Billionaire Hedge Fund Honcho Ken Griffin Gifts $40 Million to MoMA

He got into the Christmas spirit.

Ken Griffin Photo: Citadel Investment Group

The billionaire hedge-fund manager and philanthropist Ken Griffin has donated $40 million to the Museum of Modern Art, the New York institution announced yesterday.

The museum said the unrestricted gift from the founder and CEO of the Citadel Investment Group was one of the largest in its 86-year history.

MoMA indicated that it would use the funds to support its educational program and to continue to present exhibitions of modern and contemporary art for a global audience.

The unrestricted donation is one of the biggest in the museum's 85-year history. Photo:

The unrestricted donation is one of the biggest in the museum’s history.

“We are thrilled by Kenneth Griffin’s generosity, enthusiasm, and appreciation for the Museum of Modern Art,” director Glenn D. Lowry said in a statement. “His commitment to our mission and vision is truly extraordinary.”

As a gesture of gratitude the museum added that it would name its 1964 Philip Johnson-designed East Wing the Kenneth C. Griffin Building.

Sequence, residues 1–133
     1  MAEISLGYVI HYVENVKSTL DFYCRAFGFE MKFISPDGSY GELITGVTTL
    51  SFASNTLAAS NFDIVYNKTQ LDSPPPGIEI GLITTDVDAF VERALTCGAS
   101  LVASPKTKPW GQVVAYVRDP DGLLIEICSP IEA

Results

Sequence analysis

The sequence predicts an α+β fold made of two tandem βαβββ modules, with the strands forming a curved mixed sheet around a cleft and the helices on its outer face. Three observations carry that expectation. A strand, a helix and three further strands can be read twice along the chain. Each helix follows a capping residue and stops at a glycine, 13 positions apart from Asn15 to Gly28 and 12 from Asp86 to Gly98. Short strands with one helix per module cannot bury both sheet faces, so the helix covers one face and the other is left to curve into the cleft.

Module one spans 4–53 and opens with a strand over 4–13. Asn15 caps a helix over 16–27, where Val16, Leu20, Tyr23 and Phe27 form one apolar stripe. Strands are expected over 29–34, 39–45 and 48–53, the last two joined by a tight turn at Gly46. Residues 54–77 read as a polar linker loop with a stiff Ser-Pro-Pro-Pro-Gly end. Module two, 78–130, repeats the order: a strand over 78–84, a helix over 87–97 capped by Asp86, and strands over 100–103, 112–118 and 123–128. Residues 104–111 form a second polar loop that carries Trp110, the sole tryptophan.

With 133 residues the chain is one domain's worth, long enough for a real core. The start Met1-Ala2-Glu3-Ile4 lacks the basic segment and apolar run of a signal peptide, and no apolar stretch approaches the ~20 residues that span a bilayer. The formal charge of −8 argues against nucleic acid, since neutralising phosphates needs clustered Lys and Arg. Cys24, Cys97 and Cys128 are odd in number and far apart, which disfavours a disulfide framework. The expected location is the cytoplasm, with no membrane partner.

“It is an honor to support MoMA, one of the most vibrant, exciting, and high-impact cultural institutions in the world,” Griffin said. “It is my hope that visitors, artists, and students from around the world will experience all that MoMA has to offer for generations to come.”

The museum's 1964 Philip Johnson designed building will be renamed the Kenneth C. Griffin building in recognition of the philanthropist's generosity. Photo:

The museum’s 1964 Philip Johnson designed building will be renamed after Kenneth C. Griffin.

Griffin is a longtime art collector. According to the Daily Mail his collection includes Paul Cézanne’s $60 million 1894 still life Curtain Jug and Fruit Bowl, and Jasper Johns’s $80 million abstract painting False Start (1959).

The investor, who is worth a whopping $6 billion, has also made a $10 million donation to the Museum of Contemporary Art, Chicago earlier this year, Page Six reports. He occupies seats on the Board of Trustees of the Art Institute of Chicago, the Museum of Contemporary Art, and the Whitney Museum.

The 46-year-old’s philanthropic work also extends to supporting several educational and medical research organizations. Griffin is also a major donor to the Grand Old Party. Christian Viveros-Fauné reports in 25 art collectors who are also big Republican donors that the self-described Reagan Republican pledged “several million dollars” to Marco Rubio’s super PAC, which can accept unlimited contributions.

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